So, with the polls finely poised, my prediction for the result of the referendum is as follows: Remain will win with 53 per cent of the vote. Let’s hope I’m right.

Wednesday, 8 June 2016

Planning the attack

The attack on the Eureka Stockade in the early hours of Sunday 3 December 1854 demonstrated the superiority of regular military forces against rebels. [1] By early December, there were 450 men in the Government Camp including 150 mounted men and their horses. Conditions were increasingly difficult. Contractors were reluctant to supply fresh water and food and the need to keep a constant vigil against attack meant that sleep was at a premium and troops slept on the ground next to their horses. A plan for defending the Camp had been developed in late October that included burning down adjacent building that could be used for cover by attacking rebels and turning the stone-built Bank of Victoria into a fortified outpost garrisoned by armed civilians.
On Saturday, the decision was finally made to assault the Stockade at a meeting between Robert Rede, Captain J. W. Thomas of the 40th Regiment, Captain Pasley and District Commissioner Amos. Amos, who had briefly been detained by the diggers and ‘robbed of his horse’, played a crucial role because of his intimate knowledge of the Eureka diggings and the Stockade. The construction of the Stockade with its implied threat to the Camp and to communications with Melbourne and the knowledge of the planned meeting of the Reform League on 3 December at which it was possible that the miners’ militant wing might emerge dominant increased the need for the authorities to suppress the rebellion quickly. Rede’s report of the attack suggested that Amos’ detention ‘decided us at once to put a stop to this state of anarchy and confusion’. [2] Once the military option had been decided, Rede had no further control over events. Captain Thomas assumed overall authority for suppressing the rebellion.
Thomas’ plan was deceptively simple. He would march his men under the cover of darkness across the diggings and surprise the rebels at dawn. The critical issue was how to get to the Stockade without rousing every miner in the area. This precluded a direct approach down the Melbourne Road but using Amos’ intimate knowledge of the diggings Thomas decided on an indirect approach that would keep any observers guessing as to the intention of the force. He would halt his forces behind Stockyard Hill to the north of the Stockade and would then advance against its north-western defences. It was also important for Thomas to reduce the number of defenders within the Stockade and he was able to exploit the rebels’ uncertainty about when Nickle’s column would arrive from Melbourne. The previous night two divisions of rebels had left the Stockade to confront the anticipated reinforcements. The Camp had made widespread use of spies and there is evidence that a false warning about Nickle’s column was delivered to the rebels. [3] Whether this was the reason why McGill left the Stockade with over a hundred of the best-armed rebels or whether McGill had other incentives to do so is unclear, but the outcome was the same, a depleted rebel force at Eureka.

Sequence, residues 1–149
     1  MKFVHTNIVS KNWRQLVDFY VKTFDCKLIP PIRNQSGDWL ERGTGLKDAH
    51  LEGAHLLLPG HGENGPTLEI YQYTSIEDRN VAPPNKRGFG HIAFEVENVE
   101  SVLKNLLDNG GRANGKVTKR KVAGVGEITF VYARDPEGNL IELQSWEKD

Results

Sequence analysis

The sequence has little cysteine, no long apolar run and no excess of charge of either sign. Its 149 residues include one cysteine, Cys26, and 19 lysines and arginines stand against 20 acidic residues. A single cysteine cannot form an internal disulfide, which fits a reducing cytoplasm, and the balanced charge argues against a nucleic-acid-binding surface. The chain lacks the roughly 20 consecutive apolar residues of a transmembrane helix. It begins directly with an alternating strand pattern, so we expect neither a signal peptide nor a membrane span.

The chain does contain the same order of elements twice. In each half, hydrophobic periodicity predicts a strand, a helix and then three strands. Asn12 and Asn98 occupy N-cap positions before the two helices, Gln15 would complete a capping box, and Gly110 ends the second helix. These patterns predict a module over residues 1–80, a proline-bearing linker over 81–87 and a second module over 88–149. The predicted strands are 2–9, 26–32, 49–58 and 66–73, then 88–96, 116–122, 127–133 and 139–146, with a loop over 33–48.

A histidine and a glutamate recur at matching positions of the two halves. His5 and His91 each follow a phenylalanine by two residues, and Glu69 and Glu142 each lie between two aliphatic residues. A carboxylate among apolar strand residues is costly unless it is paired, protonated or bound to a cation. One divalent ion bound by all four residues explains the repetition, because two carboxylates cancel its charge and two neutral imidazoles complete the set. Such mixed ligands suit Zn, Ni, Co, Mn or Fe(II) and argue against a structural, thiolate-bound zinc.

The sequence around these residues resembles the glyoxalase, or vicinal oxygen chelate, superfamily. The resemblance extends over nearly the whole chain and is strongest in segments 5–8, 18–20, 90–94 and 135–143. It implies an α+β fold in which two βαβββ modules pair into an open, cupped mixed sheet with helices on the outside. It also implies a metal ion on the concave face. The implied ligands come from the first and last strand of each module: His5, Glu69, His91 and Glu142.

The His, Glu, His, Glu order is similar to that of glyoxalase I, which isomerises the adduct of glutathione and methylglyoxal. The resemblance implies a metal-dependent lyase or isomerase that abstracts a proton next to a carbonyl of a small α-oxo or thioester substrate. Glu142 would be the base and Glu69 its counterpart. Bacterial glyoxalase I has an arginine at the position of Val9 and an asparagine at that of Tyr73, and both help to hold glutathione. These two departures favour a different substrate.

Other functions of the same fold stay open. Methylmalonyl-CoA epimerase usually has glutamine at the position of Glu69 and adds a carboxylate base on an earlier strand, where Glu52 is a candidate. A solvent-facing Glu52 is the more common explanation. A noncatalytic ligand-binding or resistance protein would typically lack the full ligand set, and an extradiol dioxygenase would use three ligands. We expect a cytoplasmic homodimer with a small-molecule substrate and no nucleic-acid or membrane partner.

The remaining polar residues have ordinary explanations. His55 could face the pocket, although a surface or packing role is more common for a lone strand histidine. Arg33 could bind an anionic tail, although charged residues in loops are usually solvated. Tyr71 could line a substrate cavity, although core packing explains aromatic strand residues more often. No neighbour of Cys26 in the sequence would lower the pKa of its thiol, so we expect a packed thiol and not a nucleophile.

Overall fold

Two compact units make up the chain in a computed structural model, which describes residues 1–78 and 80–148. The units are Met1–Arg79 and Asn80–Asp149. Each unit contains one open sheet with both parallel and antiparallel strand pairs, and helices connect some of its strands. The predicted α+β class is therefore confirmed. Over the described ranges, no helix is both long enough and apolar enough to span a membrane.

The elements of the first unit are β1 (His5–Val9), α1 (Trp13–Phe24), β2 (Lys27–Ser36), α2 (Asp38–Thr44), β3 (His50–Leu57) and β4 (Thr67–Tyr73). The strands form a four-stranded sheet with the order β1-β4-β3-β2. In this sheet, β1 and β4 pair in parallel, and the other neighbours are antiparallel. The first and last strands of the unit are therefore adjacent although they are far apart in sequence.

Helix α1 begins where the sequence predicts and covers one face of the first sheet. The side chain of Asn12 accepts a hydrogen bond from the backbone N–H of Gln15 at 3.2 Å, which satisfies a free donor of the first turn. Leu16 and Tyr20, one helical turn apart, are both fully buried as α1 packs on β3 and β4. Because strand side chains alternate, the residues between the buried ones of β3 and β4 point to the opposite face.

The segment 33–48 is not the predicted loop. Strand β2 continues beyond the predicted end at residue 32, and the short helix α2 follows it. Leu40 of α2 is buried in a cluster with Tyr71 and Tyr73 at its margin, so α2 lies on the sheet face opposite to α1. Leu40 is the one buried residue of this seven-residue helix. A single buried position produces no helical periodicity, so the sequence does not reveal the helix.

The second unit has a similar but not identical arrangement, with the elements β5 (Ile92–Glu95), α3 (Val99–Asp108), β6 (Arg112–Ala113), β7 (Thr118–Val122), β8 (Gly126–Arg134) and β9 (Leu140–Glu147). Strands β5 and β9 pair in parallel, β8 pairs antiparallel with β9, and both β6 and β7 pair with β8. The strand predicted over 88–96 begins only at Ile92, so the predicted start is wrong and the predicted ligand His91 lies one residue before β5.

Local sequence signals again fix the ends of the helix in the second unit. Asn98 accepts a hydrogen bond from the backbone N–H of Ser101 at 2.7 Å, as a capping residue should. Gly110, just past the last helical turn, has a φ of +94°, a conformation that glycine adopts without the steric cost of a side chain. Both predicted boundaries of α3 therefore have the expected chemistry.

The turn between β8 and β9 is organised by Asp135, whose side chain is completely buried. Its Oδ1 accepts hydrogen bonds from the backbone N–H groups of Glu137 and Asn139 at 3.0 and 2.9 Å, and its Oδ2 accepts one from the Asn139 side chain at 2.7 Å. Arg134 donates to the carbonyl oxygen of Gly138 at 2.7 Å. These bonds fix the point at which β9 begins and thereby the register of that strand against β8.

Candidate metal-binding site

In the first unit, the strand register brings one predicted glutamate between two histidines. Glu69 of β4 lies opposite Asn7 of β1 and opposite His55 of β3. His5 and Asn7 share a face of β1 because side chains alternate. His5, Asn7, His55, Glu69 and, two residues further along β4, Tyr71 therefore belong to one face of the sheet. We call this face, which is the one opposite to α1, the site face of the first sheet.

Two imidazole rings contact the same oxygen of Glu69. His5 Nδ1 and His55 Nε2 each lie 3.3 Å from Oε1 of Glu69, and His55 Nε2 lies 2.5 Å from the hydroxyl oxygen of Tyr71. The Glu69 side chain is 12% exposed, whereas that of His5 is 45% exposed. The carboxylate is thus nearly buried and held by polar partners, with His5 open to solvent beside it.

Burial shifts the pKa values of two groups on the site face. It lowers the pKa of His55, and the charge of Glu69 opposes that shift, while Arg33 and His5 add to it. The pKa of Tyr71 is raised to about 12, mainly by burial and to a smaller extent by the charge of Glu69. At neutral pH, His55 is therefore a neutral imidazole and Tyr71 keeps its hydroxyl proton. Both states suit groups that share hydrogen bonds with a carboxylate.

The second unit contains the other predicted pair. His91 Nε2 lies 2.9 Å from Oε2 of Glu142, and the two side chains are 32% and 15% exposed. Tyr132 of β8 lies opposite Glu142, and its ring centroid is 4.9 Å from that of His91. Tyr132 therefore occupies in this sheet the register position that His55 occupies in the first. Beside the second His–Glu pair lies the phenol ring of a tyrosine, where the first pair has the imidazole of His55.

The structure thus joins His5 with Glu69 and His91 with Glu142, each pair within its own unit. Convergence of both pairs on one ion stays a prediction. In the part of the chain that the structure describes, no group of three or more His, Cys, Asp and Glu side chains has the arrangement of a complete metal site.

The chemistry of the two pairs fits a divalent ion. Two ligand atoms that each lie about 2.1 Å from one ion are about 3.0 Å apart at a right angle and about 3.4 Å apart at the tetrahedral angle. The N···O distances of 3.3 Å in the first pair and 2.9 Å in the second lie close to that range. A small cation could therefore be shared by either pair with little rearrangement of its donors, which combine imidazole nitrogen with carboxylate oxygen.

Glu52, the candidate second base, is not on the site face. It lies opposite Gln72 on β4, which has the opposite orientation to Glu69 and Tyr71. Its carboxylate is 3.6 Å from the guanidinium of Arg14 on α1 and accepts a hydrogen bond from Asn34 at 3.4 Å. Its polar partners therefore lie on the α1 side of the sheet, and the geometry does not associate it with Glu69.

Although Thomas advanced knowing that his men might have to fight, this was not inevitable. Police Magistrates Charles Hackett and George Webster were part of the force that marched out of the Camp suggesting that Thomas did not plan an unprovoked attack and considered that only police action might be needed. Hackett wrote immediately after the attack that he ‘had no opportunity of calling upon the people to disperse’. [4] Neither did Thomas order his men to fix bayonets when they deployed to advance; this did not occur until they closed with the rebels some ten minutes after the initial firing took place. Whatever Thomas’ intentions once hostilities broke out, what might have been a police action was transformed into a full-scale military engagement.

[1] See, ‘Fatal Collision at Ballaarat’, Argus, 4 December 1854, p. 5, ‘Further Particulars of the Ballaarat Affray’, Argus, 5 December 1854, pp. 4-5.
[2] Rede to Chief Gold Commissioner Wright, 3 December 1854: PROV, 1085/P Duplicate 162, Enclosure no. 9.
[3] Ibid, Blake, Gregory, To Pierce The Tyrant’s Heart: A Military History of The Battle for The Eureka Stockade 3 December 1854, pp. 105-107, examines the somewhat tenuous evidence for Thomas’ ruse.
[4] Charles Hackett to Charles MacMahon, 3 December 1854, PROV, 1085/P Unit 8, Duplicate 162, Enclosure no. 9.